Craig Fairey, Wound Specialist Podiatrist at Livewell Southwest’s Nuffield Clinic, spent 12 years with the Royal Air Force, in various roles, ending his military career as a Corporal. Craig said: “I had a great time, serving all over Europe, with operational tours twice in Afghanistan, three in Iraq and a quick trip down to the Falklands.
“The last part of my career was spent as an Instructor at RAF Halton, in Buckinghamshire, teaching fresh face recruits how to survive whilst on operational duties overseas.”
Craig’s podiatry role at Livewell means that he sees many veterans and serving personnel living locally and using Livewell services. Craig said: “having that connection to the patient makes the patient experience more enjoyable as “Military Banter” across service backgrounds is sometimes what makes the patient more at ease. This also enables me as a professional practitioner to gain more background to the patient which at times they are reluctant to give due to trust.”
Jackie Britzman, Senior Psychological Wellbeing Practitioner, joined the Queen Alexandra’s Royal Naval Nursing Service (QARNNS) in 1981 and trained as a general nurse within the Royal Navy. QARNNS is the nursing branch of the British Royal Navy and works alongside the Royal Navy Medical Branch. Jackie said: “I travelled down to Plymouth by train as a young 18 year old and fell in love with the coast line and the Westcountry.
“I worked at the Royal Naval Hospital, Haslar, and the Royal Naval Hospital in Stonehouse, which I loved. It was a small hospital and had a lovely community feel. I remember taking the patients out from the orthopaedic ward, into the colonnade, to enjoy the summer sunshine.
“I also undertook some of my training at Mount Gould Hospital, spending time within the casualty department. I nursed both civilians and military personnel and have very fond memories of them all.
“I loved the uniform which at times was quite impractical, having to keep my hat on my head was quite a balancing act at times!”
Jackie’s time in the military prepared her well for life at Livewell, she said: “I nursed and worked with a wide range of different people and there was a great sense of camaraderie, friendship and teamwork. This experience has enhanced my ability to connect and empathise with people from all walks of life. It equipped me with the ability to be quite flexible and resilient at times of great challenge.”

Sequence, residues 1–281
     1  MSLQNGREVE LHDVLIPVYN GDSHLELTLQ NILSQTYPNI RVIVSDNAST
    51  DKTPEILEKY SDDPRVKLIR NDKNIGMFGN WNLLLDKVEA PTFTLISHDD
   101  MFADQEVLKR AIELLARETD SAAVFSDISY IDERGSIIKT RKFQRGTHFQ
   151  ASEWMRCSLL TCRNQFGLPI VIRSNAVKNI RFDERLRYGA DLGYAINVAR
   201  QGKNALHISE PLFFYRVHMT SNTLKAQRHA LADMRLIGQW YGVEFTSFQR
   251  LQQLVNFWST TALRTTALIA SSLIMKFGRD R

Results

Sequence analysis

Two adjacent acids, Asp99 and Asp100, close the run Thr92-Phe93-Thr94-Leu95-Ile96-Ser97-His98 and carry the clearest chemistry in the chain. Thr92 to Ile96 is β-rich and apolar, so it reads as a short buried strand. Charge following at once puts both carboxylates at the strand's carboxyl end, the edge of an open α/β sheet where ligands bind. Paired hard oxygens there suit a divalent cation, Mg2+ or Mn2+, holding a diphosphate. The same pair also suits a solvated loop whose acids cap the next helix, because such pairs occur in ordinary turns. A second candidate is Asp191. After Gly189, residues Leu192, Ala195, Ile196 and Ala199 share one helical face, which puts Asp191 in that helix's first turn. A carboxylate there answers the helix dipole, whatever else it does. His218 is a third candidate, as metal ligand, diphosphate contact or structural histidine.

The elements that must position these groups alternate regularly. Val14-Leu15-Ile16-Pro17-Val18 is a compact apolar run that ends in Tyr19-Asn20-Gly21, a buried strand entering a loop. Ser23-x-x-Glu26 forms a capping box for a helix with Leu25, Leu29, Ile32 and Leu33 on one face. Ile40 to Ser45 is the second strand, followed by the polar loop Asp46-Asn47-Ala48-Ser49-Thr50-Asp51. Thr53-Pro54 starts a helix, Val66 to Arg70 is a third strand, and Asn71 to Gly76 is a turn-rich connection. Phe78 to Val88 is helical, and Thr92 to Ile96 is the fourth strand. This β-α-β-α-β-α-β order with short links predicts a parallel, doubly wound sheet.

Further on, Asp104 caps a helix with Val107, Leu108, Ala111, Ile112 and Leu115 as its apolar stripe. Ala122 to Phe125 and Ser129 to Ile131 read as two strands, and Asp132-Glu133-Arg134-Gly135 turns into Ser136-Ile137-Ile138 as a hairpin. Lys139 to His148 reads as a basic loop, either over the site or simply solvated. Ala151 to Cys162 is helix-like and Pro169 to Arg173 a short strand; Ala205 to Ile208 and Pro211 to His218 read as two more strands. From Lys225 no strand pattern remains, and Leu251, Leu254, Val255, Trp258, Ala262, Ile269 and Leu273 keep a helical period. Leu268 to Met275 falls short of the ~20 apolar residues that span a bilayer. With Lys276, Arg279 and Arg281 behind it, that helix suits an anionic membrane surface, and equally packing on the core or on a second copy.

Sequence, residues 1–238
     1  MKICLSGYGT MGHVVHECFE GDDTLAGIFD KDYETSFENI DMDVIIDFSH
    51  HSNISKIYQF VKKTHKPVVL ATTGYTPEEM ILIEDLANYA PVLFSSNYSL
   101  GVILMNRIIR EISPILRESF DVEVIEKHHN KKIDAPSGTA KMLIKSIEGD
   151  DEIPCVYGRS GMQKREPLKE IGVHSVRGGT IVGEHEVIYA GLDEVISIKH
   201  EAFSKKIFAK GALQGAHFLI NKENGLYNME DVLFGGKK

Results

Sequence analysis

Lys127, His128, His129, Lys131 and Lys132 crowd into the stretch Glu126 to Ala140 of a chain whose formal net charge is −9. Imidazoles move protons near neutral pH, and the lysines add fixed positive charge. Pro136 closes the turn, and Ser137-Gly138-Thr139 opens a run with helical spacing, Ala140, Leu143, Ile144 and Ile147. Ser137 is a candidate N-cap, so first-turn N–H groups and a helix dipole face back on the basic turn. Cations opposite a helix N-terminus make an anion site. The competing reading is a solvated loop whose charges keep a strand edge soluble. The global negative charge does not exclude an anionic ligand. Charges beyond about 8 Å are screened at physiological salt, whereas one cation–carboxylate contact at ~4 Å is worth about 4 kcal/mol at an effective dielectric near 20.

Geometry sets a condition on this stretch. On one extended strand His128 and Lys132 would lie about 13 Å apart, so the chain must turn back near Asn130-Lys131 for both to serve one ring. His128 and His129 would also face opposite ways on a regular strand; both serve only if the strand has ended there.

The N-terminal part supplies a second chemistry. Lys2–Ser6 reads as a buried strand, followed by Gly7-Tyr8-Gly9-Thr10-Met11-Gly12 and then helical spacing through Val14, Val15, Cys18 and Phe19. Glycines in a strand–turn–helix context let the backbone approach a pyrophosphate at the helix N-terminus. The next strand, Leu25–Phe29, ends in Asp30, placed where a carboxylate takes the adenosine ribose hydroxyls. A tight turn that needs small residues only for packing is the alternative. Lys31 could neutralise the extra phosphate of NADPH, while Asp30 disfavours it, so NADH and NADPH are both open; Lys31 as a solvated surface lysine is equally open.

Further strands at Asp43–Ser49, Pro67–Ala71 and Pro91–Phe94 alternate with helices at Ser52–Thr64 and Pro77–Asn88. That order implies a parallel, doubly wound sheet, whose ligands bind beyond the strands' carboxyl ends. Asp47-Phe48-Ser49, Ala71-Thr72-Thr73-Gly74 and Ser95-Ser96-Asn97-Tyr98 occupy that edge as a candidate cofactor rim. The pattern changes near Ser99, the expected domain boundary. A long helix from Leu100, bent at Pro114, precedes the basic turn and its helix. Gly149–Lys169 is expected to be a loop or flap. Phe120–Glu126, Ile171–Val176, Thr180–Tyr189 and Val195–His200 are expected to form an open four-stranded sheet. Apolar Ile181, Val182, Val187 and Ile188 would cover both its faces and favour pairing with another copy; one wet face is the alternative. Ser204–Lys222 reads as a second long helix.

Jackie usually attends Plymouth Armed Forces Day, raising awareness around mental health, promoting the Plymouth Options veterans support service, and catching up with her armed forces friends in the city.
Rena Truscott, Senior Research Practitioner, served in the Royal Naval Reserves at HMS VIVID, in Plymouth. Rena’s dad was in the Royal Navy and her brother and grandad served in the Royal Air Force. Rena entered the reserve as a rating, and later became an officer, reaching Lieutenant.
Rena said: “I worked in operations and intelligence roles, with secondments to work on NATO exercises around the UK and in Europe, including shore and ship based billets. My work involved gathering, analysing and reporting information to senior commanding officers, including Admirals.
“I loved the variety and scope of huge challenges and opportunities. My training included sea survival, fire-fighting, orienteering and first aid.
“A couple of highlights include: meeting the Queen, going in a helicopter and being winched down to a ship in Gibraltar, and working as a Junior Officer, overseeing university cadets sailing on a naval warship from the Bay of Biscay to Portsmouth.”
The skills and experiences Rena gained during her time in the reserves have helped her to overcome challenges in her current role. Rena said: “The armed forces show you how to tackle difficult situations and deal with them, in a calm and professional manner. Analytical, logical and organisational skills help me manage multiple and complex research studies. I value the importance of good communication, training, honesty and humour to ensure great teamwork.”
Rena is involved in a social network of ex-naval colleagues, supporting each other and still having fun together.